Potts’ value goes far beyond goals and assists, however. At the midfield position, she has the knowledge to recognize opposing offensive schemes and the tenacity to pick apart opposing defenses with her physical play on offense. Only Kelly’s 36 shots on goal last season surpassed Potts’ 29. However Potts took 69 shots to Kelly’s 49. Potts’ experience and leadership is crucial to the progression of a midfield line that receives two freshmen in Kate Heineman and Elizabeth Karns – barring a position change from a more experienced player, one of the rookies will likely see significant time on the midfield line.

The only other midfielder with at least one season of play to their credit is Nikki Panciocco. The sophomore started 18 of her 22 games for UMass last season without recording a point, but did record a defensive save. She played the final 18 games of the season on defense.


Bourazeris leads a defense that consists of three sophomores and fellow junior Courtney Mayerick who sat out all of last season. Bourazeris sees the field well and has the athleticism to stop the opposition and transition the ball up-field. Last season, her intelligent and unselfish play led to six assists to offset her three goals. She’s a good situation player as well. On Oct. 4 against Siena, Bourazeris scored two goals off of corners in the 5-1 UMass victory.

Of the three sophomores, Amanda Dietz, Christine Cutry and Callie Sweigart, none played more than five games in 2008 and none of them recorded a goal or assist. According to Sowry, the back position is an open competition to fill the void left by junior transfer Jackie Tait, who now plays for Division III Mary Washington.

Tait finished her 2008 campaign with one goal scored while teaming up with Bourazeris in a UMass backfield that allowed a conference-low 1.09 goals per game.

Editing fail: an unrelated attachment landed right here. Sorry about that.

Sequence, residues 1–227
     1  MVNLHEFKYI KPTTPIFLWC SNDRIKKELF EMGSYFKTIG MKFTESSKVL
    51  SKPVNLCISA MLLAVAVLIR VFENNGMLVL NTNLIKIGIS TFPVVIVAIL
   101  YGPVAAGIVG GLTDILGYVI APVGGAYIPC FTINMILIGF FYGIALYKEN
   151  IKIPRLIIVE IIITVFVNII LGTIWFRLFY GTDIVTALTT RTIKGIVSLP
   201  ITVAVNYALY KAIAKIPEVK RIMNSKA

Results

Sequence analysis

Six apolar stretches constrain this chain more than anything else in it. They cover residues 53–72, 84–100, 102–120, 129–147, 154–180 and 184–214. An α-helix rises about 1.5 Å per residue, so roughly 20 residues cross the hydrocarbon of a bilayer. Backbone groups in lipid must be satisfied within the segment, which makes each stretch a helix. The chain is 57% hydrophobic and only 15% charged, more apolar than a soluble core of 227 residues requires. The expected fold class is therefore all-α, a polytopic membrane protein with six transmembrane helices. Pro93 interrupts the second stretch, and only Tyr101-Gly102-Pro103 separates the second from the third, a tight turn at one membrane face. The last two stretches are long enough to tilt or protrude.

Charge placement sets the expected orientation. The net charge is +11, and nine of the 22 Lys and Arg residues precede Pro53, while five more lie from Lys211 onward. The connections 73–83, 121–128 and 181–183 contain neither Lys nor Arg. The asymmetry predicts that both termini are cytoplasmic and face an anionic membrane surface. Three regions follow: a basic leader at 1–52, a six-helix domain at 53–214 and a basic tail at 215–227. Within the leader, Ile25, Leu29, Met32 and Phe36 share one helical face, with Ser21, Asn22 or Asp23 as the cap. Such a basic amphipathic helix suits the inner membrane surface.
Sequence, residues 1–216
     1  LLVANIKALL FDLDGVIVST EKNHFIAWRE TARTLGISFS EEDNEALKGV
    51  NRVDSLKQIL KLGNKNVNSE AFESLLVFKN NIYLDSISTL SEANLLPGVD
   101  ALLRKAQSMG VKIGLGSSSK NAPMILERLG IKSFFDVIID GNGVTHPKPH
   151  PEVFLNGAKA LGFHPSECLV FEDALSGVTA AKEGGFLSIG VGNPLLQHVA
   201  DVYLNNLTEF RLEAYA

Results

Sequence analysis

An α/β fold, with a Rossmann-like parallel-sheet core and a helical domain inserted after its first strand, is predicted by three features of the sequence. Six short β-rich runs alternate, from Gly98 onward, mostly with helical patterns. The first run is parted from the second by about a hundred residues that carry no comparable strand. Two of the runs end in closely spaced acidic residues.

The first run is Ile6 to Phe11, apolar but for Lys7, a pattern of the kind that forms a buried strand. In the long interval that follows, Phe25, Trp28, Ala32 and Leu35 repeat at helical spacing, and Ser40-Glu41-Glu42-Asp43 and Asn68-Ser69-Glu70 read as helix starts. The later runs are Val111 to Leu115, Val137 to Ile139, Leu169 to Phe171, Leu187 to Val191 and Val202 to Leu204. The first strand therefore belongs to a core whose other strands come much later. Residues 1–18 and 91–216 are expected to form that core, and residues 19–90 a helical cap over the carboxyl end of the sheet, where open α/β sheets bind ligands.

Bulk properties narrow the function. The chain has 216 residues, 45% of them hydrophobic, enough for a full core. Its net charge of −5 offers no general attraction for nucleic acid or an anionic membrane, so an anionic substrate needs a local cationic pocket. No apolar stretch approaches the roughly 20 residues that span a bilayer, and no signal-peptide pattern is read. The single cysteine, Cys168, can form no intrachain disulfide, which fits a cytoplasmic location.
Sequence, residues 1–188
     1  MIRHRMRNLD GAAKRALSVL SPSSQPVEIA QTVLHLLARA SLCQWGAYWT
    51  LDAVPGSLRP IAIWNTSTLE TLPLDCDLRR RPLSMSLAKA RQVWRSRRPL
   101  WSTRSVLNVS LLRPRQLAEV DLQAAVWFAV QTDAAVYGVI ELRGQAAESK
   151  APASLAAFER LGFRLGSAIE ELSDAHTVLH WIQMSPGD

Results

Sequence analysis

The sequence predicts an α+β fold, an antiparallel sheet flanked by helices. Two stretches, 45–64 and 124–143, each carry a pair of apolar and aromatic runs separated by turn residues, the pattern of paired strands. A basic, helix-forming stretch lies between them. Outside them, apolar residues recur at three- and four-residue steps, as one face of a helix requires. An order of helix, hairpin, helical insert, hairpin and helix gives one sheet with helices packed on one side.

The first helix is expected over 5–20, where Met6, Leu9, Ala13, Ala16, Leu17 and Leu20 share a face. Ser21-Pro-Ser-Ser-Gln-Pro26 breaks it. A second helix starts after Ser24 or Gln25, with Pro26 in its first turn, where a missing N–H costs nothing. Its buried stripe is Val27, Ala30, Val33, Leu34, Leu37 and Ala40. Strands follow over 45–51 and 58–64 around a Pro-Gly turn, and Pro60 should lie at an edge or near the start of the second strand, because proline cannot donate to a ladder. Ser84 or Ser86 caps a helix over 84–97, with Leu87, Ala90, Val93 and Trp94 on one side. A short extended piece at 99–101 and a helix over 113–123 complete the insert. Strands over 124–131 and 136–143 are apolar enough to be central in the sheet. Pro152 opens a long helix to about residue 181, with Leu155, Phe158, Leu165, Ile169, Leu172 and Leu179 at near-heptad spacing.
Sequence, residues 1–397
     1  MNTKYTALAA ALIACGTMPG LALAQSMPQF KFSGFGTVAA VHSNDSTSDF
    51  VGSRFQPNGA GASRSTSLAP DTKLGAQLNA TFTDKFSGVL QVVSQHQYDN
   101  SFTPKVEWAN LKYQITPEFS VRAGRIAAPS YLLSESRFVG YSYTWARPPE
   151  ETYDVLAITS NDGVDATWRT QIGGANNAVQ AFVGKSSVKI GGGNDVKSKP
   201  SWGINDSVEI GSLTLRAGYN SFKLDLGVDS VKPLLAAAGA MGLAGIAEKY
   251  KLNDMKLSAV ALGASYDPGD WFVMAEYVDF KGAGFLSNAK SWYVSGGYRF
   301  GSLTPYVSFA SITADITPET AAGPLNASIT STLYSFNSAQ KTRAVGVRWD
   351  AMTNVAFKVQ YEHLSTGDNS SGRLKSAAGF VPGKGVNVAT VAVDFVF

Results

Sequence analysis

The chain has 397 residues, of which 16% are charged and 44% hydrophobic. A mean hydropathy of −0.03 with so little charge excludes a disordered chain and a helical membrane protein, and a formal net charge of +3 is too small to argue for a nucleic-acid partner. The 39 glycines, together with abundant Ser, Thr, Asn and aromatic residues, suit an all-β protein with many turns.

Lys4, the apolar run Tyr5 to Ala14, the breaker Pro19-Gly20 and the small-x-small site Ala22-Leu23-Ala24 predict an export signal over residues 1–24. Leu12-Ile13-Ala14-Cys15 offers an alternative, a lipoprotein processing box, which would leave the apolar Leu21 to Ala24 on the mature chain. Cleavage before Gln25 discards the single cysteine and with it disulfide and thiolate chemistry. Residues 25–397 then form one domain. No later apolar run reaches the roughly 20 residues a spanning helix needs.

“This year there will be a ‘new look’ backfield,” Sowry said of her defense. “We’re looking potentially at giving Makaela Potts some time in the backfield as well. You have to have athletic and smart players in the backfield and Makaela fits that perfectly. [Potts] could potentially tear the opponent’s press apart.”

“I’m sure it will change,” Sowry said of the lineup. “This is just a preliminary look at a potential lineup.”


While the back position is questionable going into this season, the Minutewomen have the luxury of having one of the best goalkeepers in the country, All-American sophomore Alesha Widdall. The reigning Co-Atlantic 10 Rookie of the Year led the conference with seven shutouts in 2008, including two in the A-10 Conference Tournament, en route to a second-straight conference championship. Widdall extended that consecutive shutout streak to three when she blanked the Golden Flashes to earn a spot for the Minutewomen in the NCAA Tournament.

Few would doubt that Widdall played a large part in UMass’ No. 17 ranking last season, its first top-20 ranking since 2000.

Widdall compiled a 1.06 goals-against average that ranked fourth in the nation. Widdall’s dominance in the postseason was due in part to the fact that she competed in the Junior Pan-American Games, earning the victory in the championship game against Chile to give the United States the gold medal.

Widdall returned to the Minutewomen to record five of her seven shutouts with a 0.66 goals-against average.

Mike Gillmeister can be reached at [email protected]